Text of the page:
Welcome to Mossberg, a weekly commentary and reviews column on The Verge and Recode by veteran tech journalist Walt Mossberg, executive editor at The Verge and editor at large of Recode.
About a year ago, I wrote a column suggesting what the major tech companies should try and accomplish in 2016. For Google, I said: “It would be pretty great if Chromebooks could, out of the box, run all Android apps — provided that, unlike on the recent Pixel C tablet, the Android apps were able to adapt better to a bigger screen.”
I’m happy to report that the first Chromebook designed from the ground up to run Android apps out of the box has arrived, albeit a little past the end of 2016. It goes on sale this week for $450. It’s called the Samsung Chromebook Plus, and it runs on an ARM processor, the same type of processor that powers the vast majority of smartphones and tablets. It was designed in close cooperation with Google.
Alas, in my tests of the Plus over the last few days, I found the Android execution frustrating.
The Android app feature is still in beta, not all apps work, and too many of those that do run seem like awkwardly blown-up phone apps, not software that’s tailored for the Chromebook's 12-inch screen. And there are other issues.
Of course, the Plus, which has a touchscreen and comes with a stylus, is still a Chromebook. That means it runs the Chrome OS along with Android apps. And, purely as a Chromebook, it’s very nice. Chrome OS, which is basically a browser that runs everything, including web apps, does fine on this model and its ARM processor.
But if you’re looking for a laptop-style, bigger-screen version of your favorite Android phone, I can’t recommend the Plus now. Optimizing a large number of Android apps for the Chromebook is “going to be a long process, to be honest,” one Google official conceded, noting the beta label on the Google Play Store for the Chromebook.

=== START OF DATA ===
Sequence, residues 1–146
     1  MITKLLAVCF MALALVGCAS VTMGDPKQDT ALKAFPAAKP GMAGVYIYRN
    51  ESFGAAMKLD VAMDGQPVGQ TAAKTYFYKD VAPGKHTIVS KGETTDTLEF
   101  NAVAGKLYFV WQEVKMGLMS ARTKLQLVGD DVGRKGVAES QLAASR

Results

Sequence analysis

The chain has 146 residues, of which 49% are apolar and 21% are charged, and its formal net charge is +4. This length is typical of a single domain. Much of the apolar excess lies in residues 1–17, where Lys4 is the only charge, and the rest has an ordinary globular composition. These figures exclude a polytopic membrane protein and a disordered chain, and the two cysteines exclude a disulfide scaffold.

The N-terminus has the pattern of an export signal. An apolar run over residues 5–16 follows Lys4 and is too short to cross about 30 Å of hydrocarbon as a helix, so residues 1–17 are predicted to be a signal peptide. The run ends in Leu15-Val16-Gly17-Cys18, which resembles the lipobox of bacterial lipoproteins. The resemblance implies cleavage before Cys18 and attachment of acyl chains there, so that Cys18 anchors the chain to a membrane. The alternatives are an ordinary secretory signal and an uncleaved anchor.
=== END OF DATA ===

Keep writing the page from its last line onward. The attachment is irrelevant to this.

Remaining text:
A second, very similar, new Samsung Chromebook, the Pro, is due out in April. The only significant difference between the two is that the Pro runs on a low-end Intel processor and costs $100 more. I tested it briefly, and found it to be even buggier in its current, very pre-release state.
I won’t say much about the otherwise identical hardware on these two Samsung machines, since I think it’s the Google-driven Android / Chrome OS combo software that’s their key claim to fame.
Their screens are vivid, sharp and responsive. As on many laptops, you can rotate the screen around so that the relatively thin, light, 2.4-pound laptop becomes a relatively heavy, thick tablet. The stylus fits nicely in a slot and works well for things like screen capture, taking handwritten notes and annotating images. The overall design isn’t especially sexy or sleek. The keyboard lacks a backlight, and the touchpad is a tad small. In my tests, battery life was just shy of eight hours, even with heavy web and app use and streaming a full-length movie.
Android writ large. Um, no.
Compared to running apps on a smartphone, or, more aptly, an iPad, the app experience on the Samsung Chromebook Plus is distinctly subpar. There are likely several reasons for this. Even though this laptop uses the same processor family most Android devices use, the apps are running atop Chrome OS. Google deserves credit for making this work at all, but it’s still a bit laggy and buggy.